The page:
I started thinking about the number of associative (binary) operations on a set with $n$ elements today. Looking online I found this paper which indicates only $113$ of the possible $19,683$ operations on a three-element set satisfy association. So, $50\%$ of binary operations on a two-element set satisfy association, and less than $0.6\%$ of all binary operations on a three element set satisfy association. For an $n$-element set, where $n$ denotes a natural number, is the ratio $R_{n}=A_{n}/B_{n}$, of the number of associative binary operations $A_{n}$ to the number of all binary operations $B_{n}$, in general small? I don't mean the following questions as equivalent, but since they seem more concretely answerable in principle, does

$$ \lim_{n \to +\infty} \frac{A_{n}}{B_{n}} = 0 ? $$

Also, is $F : n \to R_{n}$ a monotonically decreasing function?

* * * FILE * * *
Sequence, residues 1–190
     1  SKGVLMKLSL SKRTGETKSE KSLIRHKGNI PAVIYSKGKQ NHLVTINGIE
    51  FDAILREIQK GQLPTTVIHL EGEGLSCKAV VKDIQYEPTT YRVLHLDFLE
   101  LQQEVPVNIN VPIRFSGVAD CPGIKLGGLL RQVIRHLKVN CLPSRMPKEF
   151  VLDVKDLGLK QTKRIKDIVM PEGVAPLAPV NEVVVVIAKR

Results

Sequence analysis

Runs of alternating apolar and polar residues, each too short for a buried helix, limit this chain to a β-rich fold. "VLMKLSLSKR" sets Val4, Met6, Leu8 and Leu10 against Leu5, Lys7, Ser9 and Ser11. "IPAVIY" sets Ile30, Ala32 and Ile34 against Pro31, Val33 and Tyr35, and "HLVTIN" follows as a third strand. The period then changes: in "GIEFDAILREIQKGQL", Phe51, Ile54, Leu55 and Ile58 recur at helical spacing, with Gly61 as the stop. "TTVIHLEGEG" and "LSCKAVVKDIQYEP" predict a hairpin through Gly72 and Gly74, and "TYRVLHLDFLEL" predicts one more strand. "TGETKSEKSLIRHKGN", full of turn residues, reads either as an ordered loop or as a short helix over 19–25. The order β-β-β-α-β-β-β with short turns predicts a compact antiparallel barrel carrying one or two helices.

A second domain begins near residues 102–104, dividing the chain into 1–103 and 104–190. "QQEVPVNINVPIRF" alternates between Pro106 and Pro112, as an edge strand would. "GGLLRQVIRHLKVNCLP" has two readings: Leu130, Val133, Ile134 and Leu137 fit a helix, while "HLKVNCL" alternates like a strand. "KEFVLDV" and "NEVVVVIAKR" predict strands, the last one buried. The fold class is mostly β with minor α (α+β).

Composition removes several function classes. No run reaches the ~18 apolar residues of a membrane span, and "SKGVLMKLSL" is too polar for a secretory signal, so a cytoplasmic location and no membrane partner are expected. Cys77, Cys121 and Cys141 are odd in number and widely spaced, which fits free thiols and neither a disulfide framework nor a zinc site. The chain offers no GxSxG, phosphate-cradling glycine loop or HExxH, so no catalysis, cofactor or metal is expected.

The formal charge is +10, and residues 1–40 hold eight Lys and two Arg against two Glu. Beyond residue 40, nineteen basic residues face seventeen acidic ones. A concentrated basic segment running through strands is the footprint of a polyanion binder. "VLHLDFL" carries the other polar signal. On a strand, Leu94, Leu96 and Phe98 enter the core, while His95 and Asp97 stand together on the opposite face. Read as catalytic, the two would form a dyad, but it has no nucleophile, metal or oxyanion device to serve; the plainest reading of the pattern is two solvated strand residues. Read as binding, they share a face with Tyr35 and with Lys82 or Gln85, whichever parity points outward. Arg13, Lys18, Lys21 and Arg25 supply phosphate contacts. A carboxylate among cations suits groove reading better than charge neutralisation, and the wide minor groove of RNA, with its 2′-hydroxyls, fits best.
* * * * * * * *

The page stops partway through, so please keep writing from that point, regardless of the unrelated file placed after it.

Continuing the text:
Some Background of the Question: In his Linear Algebra Problem Book 1995 on p. 6 Paul Halmos writes "The commonly accepted attitudes toward the commutative law and the associative law are different. Many real life operations fail to commute; the mathematical community has learned to live with that fact and even to enjoy it. Violations of the associative law, on the other hand, are usually considered by specialists only." For all I know, Halmos might only have written that to motivate the study of Linear Algebra and doesn't quite literally mean what he appears to say. But, if he means what he appears to say, and if $F : n \to R_{n}$ is monotonically decreasing, or $R_{n}$ is generally small, I think there's something amiss with what Halmos says, since non-associative operations seem so common that one may as well enjoy them.

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    $\begingroup$ I disagree with your reading of what Halmos is saying; he is describing a state of affairs about how mathematicians deal with operations, not a statement about "how many" operations are or are not associative. Fact is, while mathematicians in general don't think twice about noncommutativity, and many actively seek it out (rings theorists, for example), few people actively seek out nonassociative operations to study (only specialists generally, e.g. dealing with loops, magmas, etc). Not that they are rare (hell, subtraction and division are not associative). $\endgroup$ Jun 16, 2011 at 4:24